Why do I need an oil change?

December 23, 2016

When I asked this question to someone who knew a lot about cars, the answer I got was “Oil changes are vital to making your car run smoothly.” I’d heard that before. And sure, I knew that any machine with many metal parts would need to stay lubricated to avoid overheating or something, but since the oil doesn’t really go anywhere, why should I ever need to replace it?

Since car oil lubricates the engine, it seems like it shouldn’t go anywhere unless there’s something wrong with your vehicle. Why is an oil change a scheduled service performed at regular intervals, then? Well, when I Googled the answer, as usual, I found even more I didn’t know about car engines.

As your car runs, it creates an immense amount of heat. That much is obvious from the cloud of hot steam that erupts from your car on a cold morning. This heat is dispersed throughout the engine, greatly affecting your car’s ability to run smoothly. Without oil, the pieces would rub together, creating intense friction, and thus even more heat.

While the oil prevents dangerous heat buildup and fatal engine damage, the heat also takes its toll on your oil. In simple terms, the oil particles start to break down when exposed to the extreme engine heat. This breaking down makes it less effective against the heat it’ll be exposed to in your engine.

(Sometimes, your engine can begin to burn through the oil. For this reason, you should check your oil at intervals, just to make sure your car will still be able to run smoothly.)

The Car Talk site had a pretty good explanation of the service and why it’s necessary. It said, “Oil undergoes thermal breakdown due to high operating temperature. When this occurs, the oil becomes less effective as a lubricant. And, without a good lubricant, parts of the engine rub together and wear each other out. Oil also contains additives that have the ability to neutralize acids. Over time, these additives get used up and stop being effective. Finally, oil can absorb water, dust and combustion byproducts and also hold them in suspension. Eventually, the oil gets saturated with this stuff and can't absorb any more. Then that stuff remains in the engine and can cause corrosion.”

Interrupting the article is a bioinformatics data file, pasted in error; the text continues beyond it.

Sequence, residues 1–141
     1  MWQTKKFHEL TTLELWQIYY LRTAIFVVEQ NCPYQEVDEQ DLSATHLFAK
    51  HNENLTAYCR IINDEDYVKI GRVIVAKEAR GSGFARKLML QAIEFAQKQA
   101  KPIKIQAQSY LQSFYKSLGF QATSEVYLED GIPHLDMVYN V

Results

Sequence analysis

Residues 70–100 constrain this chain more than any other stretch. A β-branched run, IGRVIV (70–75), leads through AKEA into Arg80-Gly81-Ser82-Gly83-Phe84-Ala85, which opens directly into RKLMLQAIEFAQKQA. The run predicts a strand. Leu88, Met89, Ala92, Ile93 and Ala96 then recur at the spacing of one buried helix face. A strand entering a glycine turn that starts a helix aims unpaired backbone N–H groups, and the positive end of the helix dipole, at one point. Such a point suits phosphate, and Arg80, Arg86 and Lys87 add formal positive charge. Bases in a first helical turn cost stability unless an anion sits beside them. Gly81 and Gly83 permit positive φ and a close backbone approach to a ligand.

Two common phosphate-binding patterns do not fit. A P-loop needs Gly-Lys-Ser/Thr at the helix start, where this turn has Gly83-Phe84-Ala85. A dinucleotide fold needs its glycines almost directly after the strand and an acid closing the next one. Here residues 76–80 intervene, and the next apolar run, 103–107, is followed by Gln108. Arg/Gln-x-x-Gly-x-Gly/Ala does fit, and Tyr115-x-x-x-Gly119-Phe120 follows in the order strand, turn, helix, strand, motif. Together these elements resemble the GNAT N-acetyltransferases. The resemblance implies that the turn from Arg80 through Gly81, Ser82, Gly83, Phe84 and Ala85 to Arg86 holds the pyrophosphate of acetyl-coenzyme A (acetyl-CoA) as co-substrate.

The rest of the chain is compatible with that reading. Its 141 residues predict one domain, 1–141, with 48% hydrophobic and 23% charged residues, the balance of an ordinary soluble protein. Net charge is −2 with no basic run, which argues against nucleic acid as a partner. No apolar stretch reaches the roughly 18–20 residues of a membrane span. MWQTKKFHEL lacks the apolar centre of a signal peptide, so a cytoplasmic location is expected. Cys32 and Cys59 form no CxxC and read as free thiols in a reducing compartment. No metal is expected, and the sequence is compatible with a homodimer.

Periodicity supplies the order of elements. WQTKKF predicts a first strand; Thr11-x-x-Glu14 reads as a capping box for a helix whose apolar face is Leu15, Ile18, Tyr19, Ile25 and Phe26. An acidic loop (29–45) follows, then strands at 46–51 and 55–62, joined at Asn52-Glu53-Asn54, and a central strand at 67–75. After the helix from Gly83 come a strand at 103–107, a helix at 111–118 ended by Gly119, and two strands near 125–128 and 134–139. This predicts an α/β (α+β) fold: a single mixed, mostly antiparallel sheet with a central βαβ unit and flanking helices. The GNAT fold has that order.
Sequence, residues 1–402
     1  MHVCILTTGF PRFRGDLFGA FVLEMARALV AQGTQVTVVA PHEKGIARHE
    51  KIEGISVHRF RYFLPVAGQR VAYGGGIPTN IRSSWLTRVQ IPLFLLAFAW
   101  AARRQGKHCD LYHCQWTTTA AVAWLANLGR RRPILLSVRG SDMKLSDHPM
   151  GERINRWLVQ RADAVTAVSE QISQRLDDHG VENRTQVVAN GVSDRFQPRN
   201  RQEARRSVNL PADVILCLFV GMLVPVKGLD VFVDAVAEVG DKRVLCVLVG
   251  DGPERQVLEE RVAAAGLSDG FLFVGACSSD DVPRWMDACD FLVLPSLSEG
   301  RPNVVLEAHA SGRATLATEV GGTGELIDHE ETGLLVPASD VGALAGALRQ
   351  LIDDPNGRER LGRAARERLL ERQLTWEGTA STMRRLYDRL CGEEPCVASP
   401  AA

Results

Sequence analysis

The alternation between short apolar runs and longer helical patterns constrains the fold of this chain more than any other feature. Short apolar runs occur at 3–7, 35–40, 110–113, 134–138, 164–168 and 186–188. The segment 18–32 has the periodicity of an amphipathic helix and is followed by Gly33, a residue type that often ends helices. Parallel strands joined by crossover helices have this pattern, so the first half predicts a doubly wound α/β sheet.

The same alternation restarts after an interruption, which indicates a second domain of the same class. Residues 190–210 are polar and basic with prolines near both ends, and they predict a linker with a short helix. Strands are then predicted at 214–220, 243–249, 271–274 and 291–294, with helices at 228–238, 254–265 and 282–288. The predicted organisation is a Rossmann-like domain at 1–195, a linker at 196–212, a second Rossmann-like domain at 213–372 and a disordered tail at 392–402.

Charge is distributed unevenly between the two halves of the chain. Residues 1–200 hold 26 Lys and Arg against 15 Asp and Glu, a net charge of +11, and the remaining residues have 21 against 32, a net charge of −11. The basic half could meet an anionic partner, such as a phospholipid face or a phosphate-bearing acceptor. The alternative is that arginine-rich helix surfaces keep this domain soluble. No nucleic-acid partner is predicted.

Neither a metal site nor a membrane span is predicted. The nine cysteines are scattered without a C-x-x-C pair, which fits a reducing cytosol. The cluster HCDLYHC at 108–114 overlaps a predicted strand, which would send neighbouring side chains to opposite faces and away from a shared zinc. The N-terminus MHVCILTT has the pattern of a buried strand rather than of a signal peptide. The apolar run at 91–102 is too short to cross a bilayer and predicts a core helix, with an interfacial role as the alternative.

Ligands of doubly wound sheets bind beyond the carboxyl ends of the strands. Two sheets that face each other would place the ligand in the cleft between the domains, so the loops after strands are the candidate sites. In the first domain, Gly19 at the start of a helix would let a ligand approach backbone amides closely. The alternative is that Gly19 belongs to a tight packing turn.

Replacing old oil will prevent the parts in your car from being damaged by your car’s heat, and even the natural wearing down of your engine that’s caused by the foreign particles in your car. The only catch is that there are plenty of different kinds of oil that protect your car to different degrees, and for different lengths of time.

Each car is assigned an oil weight by its manufacturer. The weight of the oil describes its viscosity, or thickness, and how it reacts to different temperatures. Much to my relief, that’s something I don’t have to worry about. It’s decided by my car’s manufacturer, so it’s the least of my concerns. 

But, when you get an oil change, you’ll usually be offered a few different kinds of oil within your oil weight category: a conventional option, a synthetic, and a blend of the two. Conventional oil is the classic oil option that’s purified to give you reliable protection from engine heat and engine friction. This option is usually the cheapest, and works well in keeping your engine running smoothly. The synthetic and conventional blend option is mostly targeted at cars with high mileage, but works really well if it’s used with any vehicle. It works to to keep your engine clean, and helps to slow the usual wear and tear your engine can suffer over the years. This option, understandably, is priced between the synthetic and conventional options. The synthetic option is designed in a laboratory to create the least buildup in the engine, and to defy the oil breakdown that occurs at high temperatures. This oil usually lasts a few thousand miles more than the conventional, and is designed to keep cars in good shape for as long as possible. This option, because of its how it’s made, costs more than the other two options, but will last significantly longer. While some vehicle manufacturers strongly recommend either the high-mileage blend or the synthetic option because of your engine type, this choice is otherwise up to you. 

Engine oil is really important to your car’s ability to run for a long time, and it’s especially important to it’s ability to run smoothly. For this reason, you should check your engine oil regularly, and be sure to come in as soon as your car requires more oil. (Usually, the company that changed your oil last will put a sticker on the drivers’ side of your windshield that shows the mileage for your car’s next oil change.) While it may seem like a somewhat useless service, oil changes keep your car in shape. Keeping up with your oil changes will keep your engine cool enough to run smoothly. It will also keep your engine going for much longer.